Ooh my foot, ooh my head, ooh my leg etc. I eat well. I drink well. I have many friends and my wife, nurse, chef, psychiatrist, motivator and chum is keeping an eye on me. As Matthew Parris wrote on Saturday:
“Covid, Brexit and Trump have created a national mood of anxiety but don’t despair – the future looks a lot brighter.”

He advises that we write lists of things to do … because as you get them done the ‘black dog’ that’s terrorising you is tamed. So no more snoozing. Just lots of listing.

And of course he’s right. Despite the government being allegedly in despair at the civil disobedience the electorate is showing, I’ve been impressed by how little traffic there is and how empty the streets are as we go for exercise (another thing ticked off the list.)

In fact I think people are being amazingly compliant and tolerant. When two young women drove five miles to a beauty spot in Derbyshire for a walk clutching a coffee and were fined £200 each by a intimidating squad of coppers for not following the spirit of the lockdown and claiming coffee constituted a picnic, I stopped being like the legendary Victor Meldrew and spluttering “I just don’t believe it” but instead started laughing, certain that the fine would be revoked. It was. 

Living in this Monty Pythonesque world in which “not following the spirit of the lockdown” are deemed criminal offences is silly and it’s comedy and satire and burlesque are what will get us all back to calm and sanity. 

And that’s why I’m creating an even newer word. One we need to use and celebrate every day for the remainder of this lockdown. Laughter-grafting. Everyday we all need to find at least six things that make us howl with laughter. If in doubt look for the funny side. With politicians and activists like we have it shouldn’t be that hard. 

Which is not to ignore the misery and loss many are feeling right now. But even when events  hurt we need to recall Ken Dodd’s words  “laughter is the greatest music in the world”… and, of course, the vaccine our greatest hope.

Monday, 4 January 2021


When Slade first sang this iconic Christmas song in 1980 it was against the background of the worst recession for over 30 years, inflation of 18% and mass unemployment. Slade’s lead singer, Noddy Holder, said it was their attempt to cheer up people and get them to visualise a better future. It’s how we need to begin 2021 when all many see is Casper David Friedrich’s extraordinary painting ‘The Sea of Ice’ (1824) depicting a shipwreck in the Arctic where the ship has been overwhelmed by a compressed mountain of ice.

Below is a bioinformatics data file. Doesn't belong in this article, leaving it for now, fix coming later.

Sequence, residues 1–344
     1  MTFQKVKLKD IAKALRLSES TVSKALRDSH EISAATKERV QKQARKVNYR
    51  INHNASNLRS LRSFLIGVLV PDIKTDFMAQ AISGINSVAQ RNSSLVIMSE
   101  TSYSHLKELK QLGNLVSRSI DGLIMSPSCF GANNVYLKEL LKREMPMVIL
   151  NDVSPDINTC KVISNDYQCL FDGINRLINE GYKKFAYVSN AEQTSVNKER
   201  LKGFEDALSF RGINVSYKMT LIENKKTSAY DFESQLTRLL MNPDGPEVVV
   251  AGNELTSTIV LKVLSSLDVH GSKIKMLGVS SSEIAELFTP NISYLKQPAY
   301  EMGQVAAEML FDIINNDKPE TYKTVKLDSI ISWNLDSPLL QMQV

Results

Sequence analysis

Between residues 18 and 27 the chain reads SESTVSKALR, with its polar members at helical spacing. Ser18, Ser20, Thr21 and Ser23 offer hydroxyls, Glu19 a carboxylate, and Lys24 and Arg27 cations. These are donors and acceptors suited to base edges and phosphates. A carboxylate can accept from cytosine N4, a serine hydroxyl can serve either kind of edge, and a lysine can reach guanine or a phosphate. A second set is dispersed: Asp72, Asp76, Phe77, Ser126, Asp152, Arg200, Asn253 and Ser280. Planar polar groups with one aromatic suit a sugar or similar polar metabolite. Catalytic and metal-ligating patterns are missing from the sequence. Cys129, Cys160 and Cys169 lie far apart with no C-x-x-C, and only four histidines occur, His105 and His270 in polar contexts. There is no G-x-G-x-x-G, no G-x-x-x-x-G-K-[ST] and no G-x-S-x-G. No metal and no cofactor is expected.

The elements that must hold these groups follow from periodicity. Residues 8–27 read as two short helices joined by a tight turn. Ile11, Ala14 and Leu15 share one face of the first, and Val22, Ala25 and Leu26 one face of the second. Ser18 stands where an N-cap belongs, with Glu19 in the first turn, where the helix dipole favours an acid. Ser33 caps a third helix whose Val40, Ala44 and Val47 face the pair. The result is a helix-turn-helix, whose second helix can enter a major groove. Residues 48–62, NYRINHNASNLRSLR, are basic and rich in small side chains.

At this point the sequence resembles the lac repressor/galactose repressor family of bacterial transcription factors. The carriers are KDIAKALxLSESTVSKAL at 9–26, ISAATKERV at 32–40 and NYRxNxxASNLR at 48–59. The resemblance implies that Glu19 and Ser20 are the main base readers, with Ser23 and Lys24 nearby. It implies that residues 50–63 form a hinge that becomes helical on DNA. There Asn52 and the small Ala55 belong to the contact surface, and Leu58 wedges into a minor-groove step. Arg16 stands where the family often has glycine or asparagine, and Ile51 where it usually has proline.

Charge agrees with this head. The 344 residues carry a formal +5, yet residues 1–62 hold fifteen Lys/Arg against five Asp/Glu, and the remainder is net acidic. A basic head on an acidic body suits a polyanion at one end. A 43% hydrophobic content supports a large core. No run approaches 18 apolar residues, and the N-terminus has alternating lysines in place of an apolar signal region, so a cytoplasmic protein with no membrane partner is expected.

Where are we? 

Intriguingly we moved up to 5th in Global Economic League of 2020 (source: IMF data from 2019) mainly because India’s economy did so badly. The top ten are shown below and in bold on the right the ranking of each of the top 10 in the 2020 Global Happiness League (source: United Nations/Gallup).

Economic rank


GDP (US$ trillion)

Happiness rank


United States
















United Kingdom























Despite our problems we seem to be doing well. People like being British more than say the Germans like being German or the French are content with being French. So much for those lamenting how wrecked we are. But let’s not get complacent – there’s a lot of work to do.

What do we want to become?

Increasingly it became clear that the Brexit argument was not about negotiating a trade deal but about who we want to be. Like it not Brexit is done.

‘Sovereignty’ (which, allegedly, whenever he heard it used - which was often - reduced the European Commission's Head of Task Force for Relations with the United Kingdom, Michel Barnier, to uncomprehending rage) was the core issue for the Brexiteers. They believed we needed to feel free, to be on our own, to control our ‘identity’. 

Which is what? 

That’s the problem. No one seems to have nailed this down. Over Christmas I read an engaging book by Cees Nooteboom called ‘Venice. The Lion, the City and the Water.’ In it he quotes academic and author, C.P. Snow, from over 50 years ago, comparing the history of Venice and Britain:

“The Venetians  knew, just as clearly as we know, that the current of history had begun to flow against them. Many gave their minds to working out how to keep going. It would have meant breaking the pattern into which they had crystallised. They were fond of the pattern, just as we’re fond of ours. They never found the will to break it.” 

Which is why “getting back to normal” has always seemed to me such an anathema. We’ve has a far bigger shock to our economy in 2020 than any for around 300 years. GDP fell by 11% (only Argentina did worse). The Government has categorised swathes of what many thought made life worth living as “inessential”: bookshops, theatres, concerts, restaurants, hotels, travel, museums, sport and hugging.